And finally, to reward you for reading this far, I’d like to tell you that the last Friday in April is National Hairball Awareness Day. Break out the cat food. Refresh the kitty litter. We need to celebrate–even if you’re in the wrong nation. (The nation in question is the United States.)

My thanks for Flo for letting me know about this. How could I have lived so long and not found out about it before?

Singing buildings, smart condoms, immigration, and other stuff in the news

The Guardian printed a report on singing buildings recently.

Are singing buildings a sign that the world’s ending? As far as I know, no religious text says it is. Mind you, I haven’t read any religious book from end to end. I tried reading the bible once, when I was young and thought it was something I ought to at least crack the covers of. I got as far as the begats, which bored me into insensibility, before admitting to myself that (a) I didn’t get it and (b) I wasn’t getting anything out of the exercise. So I am officially no expert. But singing buildings do sound harmless: Apparently, when the winds are high enough—and I’m not sure how high that is—certain buildings get the urge to sing. I do some singing myself, so I understand how powerful the impulse can be.

The list of singing buildings include Manchester’s Beetham tower. Several fixes have been tried, and the architect has apologized, but the building sings on, hitting a note close to middle C. If anyone reading this is trying to fix the problem, better breath support should bring that note in right on key. Or so I’ve been told when I go a little flat.

The Cityspire building in Manhattan (who names these things?) used to sing but no longer does. Instead, it’s being treated for depression. That actually might herald the end of the world, and it could be that religious texts need to be updated as architecture and technology evolve.

I’d give you a link for all these claims—they do sound like something I made up—but the Guardian online is mad at me for using it too often and thinks I should subscribe. I would—it’s a fine paper, and I understand how difficult the business climate is for newspapers today—but Wild Thing and I already pay for the print edition and unless you have a tablet you can’t access the online edition based on a print subscription.

Or something along those lines. Google “the strange case of the singing buildings” and you should find it. And in case I wasn’t clear, I was talking about an electronic tablet, not a stone one.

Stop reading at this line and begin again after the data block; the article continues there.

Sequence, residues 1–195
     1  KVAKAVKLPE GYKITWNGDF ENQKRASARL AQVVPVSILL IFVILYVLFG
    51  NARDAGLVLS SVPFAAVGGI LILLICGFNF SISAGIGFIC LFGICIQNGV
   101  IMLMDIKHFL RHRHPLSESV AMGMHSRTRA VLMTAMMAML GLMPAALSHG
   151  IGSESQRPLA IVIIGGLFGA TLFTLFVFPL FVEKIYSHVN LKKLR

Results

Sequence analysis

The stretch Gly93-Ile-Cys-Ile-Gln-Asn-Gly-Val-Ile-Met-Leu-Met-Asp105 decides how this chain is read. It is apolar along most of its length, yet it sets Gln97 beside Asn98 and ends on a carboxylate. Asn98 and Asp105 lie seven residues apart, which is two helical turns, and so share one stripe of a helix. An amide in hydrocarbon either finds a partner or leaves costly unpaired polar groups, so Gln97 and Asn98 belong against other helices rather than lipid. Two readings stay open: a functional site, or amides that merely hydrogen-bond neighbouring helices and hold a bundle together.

Screamingly irrelevant photo: This is a whatsit plant. In our garden.

What else is happening in the world? Smart condoms are now for sale. How smart are they? Not smart enough to solve your relationship problems or even your (assuming you to be either male and equipped with the relevant organ or female and involved with a male equipped with etc.) sexual—we shouldn’t say “problems” in this context, should we? Issues, then. All it does report back—speed, frequency, girth, skin temperature, and so forth. All those things a thrilling lover needs to know.

Do I hear hysterical laughter from the alto and soprano sections?

The Guardian gave me access to that story. They understand what matters.

Smart condoms probably aren’t a sign that the world’s ending either, but they could evidence that it deserves to.

By the way, as far as I can figure out, they’re not actual condoms, they just work in the vicinity of the real ones. They won’t prevent either pregnancy or venereal disease. They may prevent relaxation and fun.

Moving on:

The CIA, Wikileaks announced, is spying on us through our smart TVs, smartphones, and antivirus software. At our house, we’re assuming some British agency does the same, since Britain helped develop the technology, and that they’ve been listening to everything we say in the living room. Wild Thing’s delighted.

“My opinion finally counts for something somewhere,” the spokesperson for our household said.

[Update: I just checked the link on that story, and (who knows how) I linked it to one of my own posts–about village life and chasing chickens. I’ve left it for the pure silliness of it–and because I thought it was a good, if irrelevant, post. For relevant information, try this link instead.]

What else is happening? A 99-year-old from the Dutch city of Nijmegen had herself arrested because—and I’m making an assumption here—she thought it would be fun. Apparently she’d always been a good girl and, as her niece explained it, she “wanted to experience this.”

O ye who have never sinned enough to be arrested, there is still time to repent. But I warn you: I was arrested in a civil rights demonstration a hundred or so years ago and I didn’t find it a whole lot of fun. Neither, to the best of my knowledge, did anyone I was arrested with. But maybe we went into it for the wrong reasons. Instead of trying to end racism, we should have been trying to have fun, fun, fun.

The tales from our court appearances were pretty funny, but I’ll need a different excuse to tell those.

The 99-year-old isn’t alone. A 102-year-old from Missouri had herself handcuffed and delivered to an event at her retirement home in a police car. It had been on her bucket list.

So let’s talk about bucket lists. I’m all for acknowledging our mortality, but a list of ridiculous things you want to experience before you die? Don’t we have anything better to do with our lives, and if not why are we bothering the planet with our presence here?